John Key warns the Reserve Bank’s proposed capital increase would cut GDP by collective 20% in the long term.
Prime Minister Jacinda Ardern describes the forecast as ‘rhetoric’ and points to official inquiries into ANZ’s governance failures.
ANZ has forecast a total fall in today’s money terms of 20% of GDP if the Reserve Bank of New Zealand (RBNZ) goes ahead with its proposal to hold more risk capital.
20% of 2019 GDP works out to be roughly $70 billion over the very long term.
The modelling, undertaken by ANZ, was included in a submission from Bank Chairman and former Prime Minister Sir John Key on the RBNZ proposal to force the big Australian-owned banks to hold enough capital to withstand a one in 200-year shock.
The Reserve Bank argues holding more capital will make banks safer and reduce the risk of depositors or taxpayers wearing the effects of a banking crisis.
However that comes at a cost. RBNZ estimates that banks will have to stump up 70% of profits over the next five years, equating to roughly $20 billion.
ANZ’s submission said its own estimate of the long-term costs would be a collective 20% of GDP in net present value terms, which was far ahead of the Reserve Bank’s own estimate of 4% to 12% of GDP.
The RBNZ view
RBNZ said it estimated GDP being between 1% and 3% lower over the next 10 years as a result of the changes. A scenario modelled by the Bank and published in the submission suggests GDP growth will fall by as much as 0.7% per year four years out from the bank capital changes.
Treasury’s latest figures forecast 2.6% growth over the next five years.
Knocking 0.7% off that forecast would still put New Zealand ahead of the average growth rate for OECD economies, which is expected to be 1.8% out to 2020.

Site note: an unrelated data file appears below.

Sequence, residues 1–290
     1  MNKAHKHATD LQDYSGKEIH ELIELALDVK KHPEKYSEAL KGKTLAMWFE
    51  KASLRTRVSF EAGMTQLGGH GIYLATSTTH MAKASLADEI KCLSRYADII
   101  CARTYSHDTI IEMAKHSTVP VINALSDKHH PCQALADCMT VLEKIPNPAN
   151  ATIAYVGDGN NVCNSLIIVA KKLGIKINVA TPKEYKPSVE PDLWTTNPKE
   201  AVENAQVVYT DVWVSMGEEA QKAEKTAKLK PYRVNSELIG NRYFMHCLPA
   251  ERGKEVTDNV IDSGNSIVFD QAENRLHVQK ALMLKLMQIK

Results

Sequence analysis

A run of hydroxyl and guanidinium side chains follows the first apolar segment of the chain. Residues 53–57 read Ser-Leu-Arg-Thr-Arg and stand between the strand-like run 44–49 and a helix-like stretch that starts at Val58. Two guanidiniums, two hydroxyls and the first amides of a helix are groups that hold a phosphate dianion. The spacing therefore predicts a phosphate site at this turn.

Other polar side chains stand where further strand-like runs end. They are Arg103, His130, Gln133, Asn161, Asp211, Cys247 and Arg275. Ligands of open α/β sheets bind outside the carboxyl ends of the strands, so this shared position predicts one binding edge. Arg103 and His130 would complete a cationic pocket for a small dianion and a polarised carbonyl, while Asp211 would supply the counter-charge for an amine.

Key also said the Bank was concerned about “the absence of cost-benefit analysis of the proposals” and “the degree to which the RBNZ has under-estimated the potential impact of its proposed capital regime on both the New Zealand economy and New Zealand bank customers.”
The Bank said that the increased costs to banks of holding extra capital would result in higher borrowing costs, reduced borrowing, and reduced economic growth.
Banks raise concern
The other banks also raised concerns with the proposals.
Westpac’s economists team said if it increased loan rates by 40 to 80 basis points, house prices could fall by between 4% and 8%, creating an economic shock of between 0.5 and 0.9 percent of GDP. That figure also takes into account a likely cut in the Official Cash Rate.
ASB was also sceptical.
It said its modelling suggested consumer interest rates would likely rise by 50 to 75 basis points, nearly double the Reserve Bank’s own estimate of a rise of 20 to 40 basis points.
ASB also notes that the changes could see credit conditions tighten.
The big Australian-owned banks had funded over $373 billion of lending assets to New Zealanders, representing 86% of all customer lending by New Zealand-registered banks.
Ardern sees ‘rhetoric’
Prime Minister Jacinda Ardern would not comment on the changes, noting that RBNZ is yet to finalise its plans.
However, she said that she had “heard some of the rhetoric coming out of ANZ.”
She also noted that “just for context,”… “the Reserve Bank is doing work with ANZ in other areas,” referring to the work that RBNZ was doing in the wake of the David Hisco scandal and the Bank’s failure to comply with its existing capital requirements.
When asked about whether a Banking Royal Commission was required following the Hisco affair, Ms Ardern reminded banks that they needed to maintain their social licence, while maintaining her position that a Royal Commission was not required.
Thomas Coughlan is a Newsroom Reporter based in Wellington. He writes on Policy and Economics. The above article, which appeared on the Newsroom website (www.newsroom.co.nz) has been reproduced here under a Special Arrangement.
Antonia Watson and former Prime Minister John Key announcing the departure of David Hisco at ANZ’s Auckland office on June 17, 2019 (Photo: Nikki Mandow)